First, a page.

However when I decided to run the initial AUD/USD tests on Metatrader 4 to compare the results I obtained with Metatrader 5 the difference changed from “noticeable” to “abismal”. The pictures below show you the results for MT5 and MT4 using the exact same settings on the AUD/USD currency pair backtest from 2000 to 2010. The overall equity curve is very different and the results do point out that something is substantially very changed between the historical feeds of MT4 and MT5. I first thought that the difference would be due to the presence of Sunday candles but this turned out to be false since the MT5 feed doesn’t have any of them, so regarding this aspect it is the same as MT4. I then thought about the possibility that the whole difference is caused by important changes in data prior to 2006 (before metatrader 4 was launched) and the fact is that data differences are NOT limited to pre 2006 periods, the whole historical feed is different between both trading stations and meaningful differences are present. If you analyze the results you’ll notice that almost all candles have different – if only very slightly – high/low/open/close values pointing out that RSI and ATR values will be very different. The change in one minute interpolation mechanisms is also not likely a factor here as Watukushay FE strictly controls bar opening on both its MQL4 and MQL5 implementations.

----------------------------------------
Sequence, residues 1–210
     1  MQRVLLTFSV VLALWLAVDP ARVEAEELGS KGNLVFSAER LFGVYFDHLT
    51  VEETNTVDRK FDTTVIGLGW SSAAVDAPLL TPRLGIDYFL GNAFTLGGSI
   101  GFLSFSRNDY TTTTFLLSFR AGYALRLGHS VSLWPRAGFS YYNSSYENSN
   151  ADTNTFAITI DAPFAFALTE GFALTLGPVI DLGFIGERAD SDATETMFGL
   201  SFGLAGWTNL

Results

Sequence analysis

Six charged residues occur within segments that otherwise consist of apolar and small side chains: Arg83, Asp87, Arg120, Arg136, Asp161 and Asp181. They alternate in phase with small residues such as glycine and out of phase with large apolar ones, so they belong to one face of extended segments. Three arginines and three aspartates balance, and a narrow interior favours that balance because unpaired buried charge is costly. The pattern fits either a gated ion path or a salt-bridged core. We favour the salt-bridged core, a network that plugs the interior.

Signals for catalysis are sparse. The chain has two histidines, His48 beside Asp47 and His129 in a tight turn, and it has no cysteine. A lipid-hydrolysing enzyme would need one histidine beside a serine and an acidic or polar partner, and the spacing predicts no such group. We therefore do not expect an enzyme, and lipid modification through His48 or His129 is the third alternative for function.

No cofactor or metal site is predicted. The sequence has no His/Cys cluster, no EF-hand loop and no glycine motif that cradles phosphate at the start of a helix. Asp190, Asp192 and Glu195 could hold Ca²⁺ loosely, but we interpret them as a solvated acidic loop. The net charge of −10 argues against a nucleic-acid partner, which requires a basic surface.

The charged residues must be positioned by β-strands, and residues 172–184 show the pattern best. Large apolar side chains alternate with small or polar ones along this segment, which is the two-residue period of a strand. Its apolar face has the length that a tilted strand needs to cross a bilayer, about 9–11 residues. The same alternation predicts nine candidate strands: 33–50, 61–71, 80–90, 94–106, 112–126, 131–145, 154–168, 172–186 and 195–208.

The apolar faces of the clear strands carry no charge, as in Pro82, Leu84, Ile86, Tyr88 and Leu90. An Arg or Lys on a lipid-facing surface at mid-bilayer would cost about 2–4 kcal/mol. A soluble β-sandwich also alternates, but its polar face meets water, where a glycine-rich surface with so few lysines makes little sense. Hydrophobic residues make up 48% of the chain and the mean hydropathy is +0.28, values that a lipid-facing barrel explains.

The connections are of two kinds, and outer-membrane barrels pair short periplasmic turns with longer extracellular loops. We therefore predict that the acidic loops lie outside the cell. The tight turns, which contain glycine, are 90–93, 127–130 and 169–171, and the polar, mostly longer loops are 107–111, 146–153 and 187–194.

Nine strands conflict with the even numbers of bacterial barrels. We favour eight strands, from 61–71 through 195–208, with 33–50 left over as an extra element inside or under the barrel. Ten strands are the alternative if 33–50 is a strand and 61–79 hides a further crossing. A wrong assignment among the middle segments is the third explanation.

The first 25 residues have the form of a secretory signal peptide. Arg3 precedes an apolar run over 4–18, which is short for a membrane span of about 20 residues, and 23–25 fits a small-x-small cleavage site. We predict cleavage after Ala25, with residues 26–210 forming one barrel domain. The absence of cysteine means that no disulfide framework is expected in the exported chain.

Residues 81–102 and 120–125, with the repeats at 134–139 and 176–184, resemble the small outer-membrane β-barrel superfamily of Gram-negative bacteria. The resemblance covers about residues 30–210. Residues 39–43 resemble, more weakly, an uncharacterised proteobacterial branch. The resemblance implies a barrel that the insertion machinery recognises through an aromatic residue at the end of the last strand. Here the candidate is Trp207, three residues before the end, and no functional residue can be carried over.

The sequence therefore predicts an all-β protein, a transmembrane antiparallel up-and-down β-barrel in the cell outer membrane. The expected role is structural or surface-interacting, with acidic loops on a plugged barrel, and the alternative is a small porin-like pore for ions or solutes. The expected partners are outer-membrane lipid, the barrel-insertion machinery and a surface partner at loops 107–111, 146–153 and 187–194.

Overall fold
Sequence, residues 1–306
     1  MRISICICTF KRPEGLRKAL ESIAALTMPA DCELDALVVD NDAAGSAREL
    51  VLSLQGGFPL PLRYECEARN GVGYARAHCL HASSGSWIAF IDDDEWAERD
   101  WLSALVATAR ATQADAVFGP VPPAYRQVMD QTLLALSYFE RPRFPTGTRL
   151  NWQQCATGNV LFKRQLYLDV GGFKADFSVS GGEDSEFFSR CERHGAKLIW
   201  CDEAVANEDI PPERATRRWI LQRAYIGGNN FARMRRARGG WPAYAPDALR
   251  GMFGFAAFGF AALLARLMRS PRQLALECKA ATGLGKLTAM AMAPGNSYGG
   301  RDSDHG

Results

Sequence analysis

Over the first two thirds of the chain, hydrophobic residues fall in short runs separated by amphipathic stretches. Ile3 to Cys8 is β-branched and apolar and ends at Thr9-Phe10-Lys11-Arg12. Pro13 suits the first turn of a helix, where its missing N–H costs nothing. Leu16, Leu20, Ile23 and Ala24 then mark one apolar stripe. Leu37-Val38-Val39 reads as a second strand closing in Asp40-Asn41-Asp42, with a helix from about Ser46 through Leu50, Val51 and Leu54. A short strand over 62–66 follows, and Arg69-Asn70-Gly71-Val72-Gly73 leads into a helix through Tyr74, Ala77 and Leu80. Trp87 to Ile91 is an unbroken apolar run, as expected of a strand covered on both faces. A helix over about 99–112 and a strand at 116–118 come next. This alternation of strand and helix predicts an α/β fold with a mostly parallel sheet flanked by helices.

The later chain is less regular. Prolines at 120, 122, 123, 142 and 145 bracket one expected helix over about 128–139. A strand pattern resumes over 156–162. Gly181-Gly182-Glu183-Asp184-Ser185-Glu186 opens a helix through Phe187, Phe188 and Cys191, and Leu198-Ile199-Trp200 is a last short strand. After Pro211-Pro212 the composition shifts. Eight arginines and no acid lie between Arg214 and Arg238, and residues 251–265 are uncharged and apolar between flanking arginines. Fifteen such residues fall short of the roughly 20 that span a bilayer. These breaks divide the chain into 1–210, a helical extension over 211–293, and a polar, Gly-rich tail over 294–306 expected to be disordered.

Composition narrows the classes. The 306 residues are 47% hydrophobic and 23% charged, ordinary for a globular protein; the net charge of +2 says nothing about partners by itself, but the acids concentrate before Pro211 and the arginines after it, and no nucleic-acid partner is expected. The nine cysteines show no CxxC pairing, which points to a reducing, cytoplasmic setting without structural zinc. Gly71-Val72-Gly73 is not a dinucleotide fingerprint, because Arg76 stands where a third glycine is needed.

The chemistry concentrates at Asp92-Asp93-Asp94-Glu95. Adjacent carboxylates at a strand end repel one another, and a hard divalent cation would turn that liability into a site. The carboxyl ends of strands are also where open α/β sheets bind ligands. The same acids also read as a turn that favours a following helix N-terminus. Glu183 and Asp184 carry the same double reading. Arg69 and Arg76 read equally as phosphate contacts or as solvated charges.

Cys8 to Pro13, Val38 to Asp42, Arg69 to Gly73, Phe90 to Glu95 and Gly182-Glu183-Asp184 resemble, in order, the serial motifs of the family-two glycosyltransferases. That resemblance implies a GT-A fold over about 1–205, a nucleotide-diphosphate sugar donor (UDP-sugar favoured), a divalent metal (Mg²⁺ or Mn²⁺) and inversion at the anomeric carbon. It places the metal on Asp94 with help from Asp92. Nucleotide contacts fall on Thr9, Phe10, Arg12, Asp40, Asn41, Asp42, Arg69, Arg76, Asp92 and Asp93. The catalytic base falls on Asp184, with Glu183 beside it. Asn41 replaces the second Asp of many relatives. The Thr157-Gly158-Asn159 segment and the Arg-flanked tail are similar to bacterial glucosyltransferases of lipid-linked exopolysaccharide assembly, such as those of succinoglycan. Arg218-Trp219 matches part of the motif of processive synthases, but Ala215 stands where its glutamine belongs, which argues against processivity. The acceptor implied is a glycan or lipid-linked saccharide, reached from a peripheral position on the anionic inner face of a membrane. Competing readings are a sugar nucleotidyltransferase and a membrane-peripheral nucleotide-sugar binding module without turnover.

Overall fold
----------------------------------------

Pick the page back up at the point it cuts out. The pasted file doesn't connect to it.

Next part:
What causes such a dramatic change in profitability ? To get to the bottom of this problem I decided to strip down the logic to its simplest form and eliminate the closing logic of the EA, leaving only the entry rules. This shows us that there is still some difference between backtesting results (shown below). This means that differences in results are caused by differences in the RSI and ATR indicator calculations which are dependent on each backtest’s particular historical feed. Stripping down the logic does reveal that most dependency is located before 2002 with results beyond this date being in better agreement. However there is still some dependency which is caused by differences in data between both historical sets beyond this period.
Since we simply cannot know for sure which of the two historical data selections is better – and they are probably both valid within normal broker differences (with the 2000-2002 data being very different probably due to differences between feeds in this period) – it becomes a wise decision to run backtests on both and trust the less profitable results to calculate profit and draw down targets. In some cases like the EUR/USD backtests this proves to be trivial but on others like the one I showed you today doing this mixed analysis proves to be extremely important. I will email the people at metaquotes to get some information about the different nature of the feeds and I will let you know once I have more information about their origin. However up until now all backtests of Watukushay FE seem to be more profitable on MT5 (meaning that our MT4 simulations are in fact the worst case scenario). Investigating other issues which may be related with the closing mechanism of orders in MT5 is also something I am currenlty doing since I have seen that the differences when the closing logic is enabled seem to have other strong causes besides simple feed dependency (more on this on a later post !).
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